The novella is to the novel what flash fiction is to the short story: a piece of writing that carries the equivalent punch in a hell of a lot fewer words.
My standout favourite novella of all.
Originally included in the "Close Range" collection, this twenty five thousand word story spans two decades and encapsulates the plight of forbidden love in a pitch perfect way. And the movie was heart meltingly, unforgetteably brilliant.
An atmospheric depiction of 1940's New York, where elusive escort, Holly Golightly plays out her freespirited life, under the loving, watchful eye of the narrator, who lives in the neighbouring appartment. I love the opening line: "I am always drawn back to places where I have lived, the houses and their neighbourhoods."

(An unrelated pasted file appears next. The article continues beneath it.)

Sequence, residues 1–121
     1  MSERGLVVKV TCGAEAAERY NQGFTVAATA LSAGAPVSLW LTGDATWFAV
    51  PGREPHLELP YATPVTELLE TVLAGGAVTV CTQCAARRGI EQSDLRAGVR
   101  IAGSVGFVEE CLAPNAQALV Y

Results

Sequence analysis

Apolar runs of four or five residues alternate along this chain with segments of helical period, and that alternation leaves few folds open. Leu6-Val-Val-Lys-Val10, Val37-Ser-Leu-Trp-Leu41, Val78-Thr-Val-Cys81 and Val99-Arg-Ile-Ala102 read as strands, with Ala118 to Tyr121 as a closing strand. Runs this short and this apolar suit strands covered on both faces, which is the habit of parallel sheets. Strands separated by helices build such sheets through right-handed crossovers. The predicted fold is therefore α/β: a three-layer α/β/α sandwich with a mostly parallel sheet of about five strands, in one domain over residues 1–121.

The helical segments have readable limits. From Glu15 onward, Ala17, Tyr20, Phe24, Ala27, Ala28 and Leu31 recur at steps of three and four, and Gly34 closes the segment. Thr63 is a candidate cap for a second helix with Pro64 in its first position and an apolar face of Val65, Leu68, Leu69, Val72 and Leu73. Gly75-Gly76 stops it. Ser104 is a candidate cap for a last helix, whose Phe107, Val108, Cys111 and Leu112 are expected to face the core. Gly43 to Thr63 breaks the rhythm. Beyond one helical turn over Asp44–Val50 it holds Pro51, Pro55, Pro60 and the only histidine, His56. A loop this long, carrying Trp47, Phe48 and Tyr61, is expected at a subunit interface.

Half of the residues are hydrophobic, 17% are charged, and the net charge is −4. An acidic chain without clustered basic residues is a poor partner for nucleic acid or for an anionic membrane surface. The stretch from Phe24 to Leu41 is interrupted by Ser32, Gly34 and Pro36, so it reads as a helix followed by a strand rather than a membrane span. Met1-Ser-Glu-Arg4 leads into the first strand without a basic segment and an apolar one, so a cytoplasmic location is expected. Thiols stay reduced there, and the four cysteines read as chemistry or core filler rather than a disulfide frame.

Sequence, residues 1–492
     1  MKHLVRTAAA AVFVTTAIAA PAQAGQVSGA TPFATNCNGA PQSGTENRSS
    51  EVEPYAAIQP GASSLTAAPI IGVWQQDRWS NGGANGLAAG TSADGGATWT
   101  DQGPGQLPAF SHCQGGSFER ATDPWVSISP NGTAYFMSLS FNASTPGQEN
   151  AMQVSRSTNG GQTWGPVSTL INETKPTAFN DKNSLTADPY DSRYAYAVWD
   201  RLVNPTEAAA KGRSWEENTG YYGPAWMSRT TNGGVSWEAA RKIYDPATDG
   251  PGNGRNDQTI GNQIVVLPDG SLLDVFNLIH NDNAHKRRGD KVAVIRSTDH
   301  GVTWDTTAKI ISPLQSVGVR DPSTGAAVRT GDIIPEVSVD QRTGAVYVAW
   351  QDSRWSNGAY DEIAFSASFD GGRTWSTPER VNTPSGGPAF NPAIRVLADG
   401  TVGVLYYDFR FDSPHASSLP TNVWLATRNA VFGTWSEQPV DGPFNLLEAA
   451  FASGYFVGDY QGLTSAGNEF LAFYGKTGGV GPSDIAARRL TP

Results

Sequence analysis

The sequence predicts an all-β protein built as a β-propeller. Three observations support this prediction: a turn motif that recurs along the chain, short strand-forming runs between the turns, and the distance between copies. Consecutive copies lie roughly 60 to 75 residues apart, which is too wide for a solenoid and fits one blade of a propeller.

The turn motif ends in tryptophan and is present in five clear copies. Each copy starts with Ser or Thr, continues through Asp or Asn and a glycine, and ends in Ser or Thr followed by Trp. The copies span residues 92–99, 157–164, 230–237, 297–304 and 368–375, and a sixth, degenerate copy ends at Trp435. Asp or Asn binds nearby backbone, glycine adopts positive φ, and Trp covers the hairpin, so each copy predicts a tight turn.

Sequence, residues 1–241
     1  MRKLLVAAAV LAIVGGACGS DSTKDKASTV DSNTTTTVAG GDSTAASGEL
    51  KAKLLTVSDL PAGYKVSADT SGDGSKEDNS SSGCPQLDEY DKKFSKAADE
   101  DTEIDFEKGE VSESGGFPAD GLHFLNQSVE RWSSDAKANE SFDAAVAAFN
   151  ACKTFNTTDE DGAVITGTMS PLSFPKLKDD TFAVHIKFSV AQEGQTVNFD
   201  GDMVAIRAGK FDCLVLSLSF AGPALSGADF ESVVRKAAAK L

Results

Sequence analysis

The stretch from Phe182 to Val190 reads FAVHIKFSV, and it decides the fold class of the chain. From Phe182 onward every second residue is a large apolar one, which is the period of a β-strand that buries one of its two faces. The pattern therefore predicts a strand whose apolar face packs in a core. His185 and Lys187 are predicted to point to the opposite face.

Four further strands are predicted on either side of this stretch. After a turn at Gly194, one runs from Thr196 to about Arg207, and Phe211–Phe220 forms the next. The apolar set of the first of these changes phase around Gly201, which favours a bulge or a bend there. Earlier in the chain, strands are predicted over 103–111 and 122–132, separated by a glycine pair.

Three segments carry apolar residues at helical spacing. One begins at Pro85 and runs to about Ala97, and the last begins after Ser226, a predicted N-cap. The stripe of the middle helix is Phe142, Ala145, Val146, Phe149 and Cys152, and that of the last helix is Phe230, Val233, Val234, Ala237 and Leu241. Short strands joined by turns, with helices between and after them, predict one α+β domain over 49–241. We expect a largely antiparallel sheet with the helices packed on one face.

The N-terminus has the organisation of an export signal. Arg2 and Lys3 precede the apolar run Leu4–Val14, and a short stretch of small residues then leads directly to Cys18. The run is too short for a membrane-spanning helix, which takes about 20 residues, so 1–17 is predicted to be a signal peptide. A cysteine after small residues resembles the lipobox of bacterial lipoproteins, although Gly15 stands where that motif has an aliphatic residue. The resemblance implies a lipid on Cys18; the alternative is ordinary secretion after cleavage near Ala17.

Ian McEwan eloquently describes the impact of a young couple's sexual difficulties during an era - the sixties -where discussion of such things was impossible.
Silk by Alessandro Baricco is set in the 1860's. A happily married French silkworm breeder's life changes when he encounters a mysterious Japanese woman during a trip to buy silk worms. Baricco's prose is as sensuous as silk swirling on the skin.
Written by Francoise Sagan when she was just eighteen years old, the heroine Cecile describes a summer spent in the French Riviera with her philandering father, of whom Cecile says (quoting Oscar Wilde) "Sin is the only note of vivid colour that persists in the modern world."
The Pearl, John Steinbeck
A poor Mexican family try to materially improve their lives, only to discover that becoming "rich" brings another set of problems.
The theme: the obstacles you face to try and make your dreams come true. Have to say, though, the movie didn't do it for me - some stories just don't make engaging movies.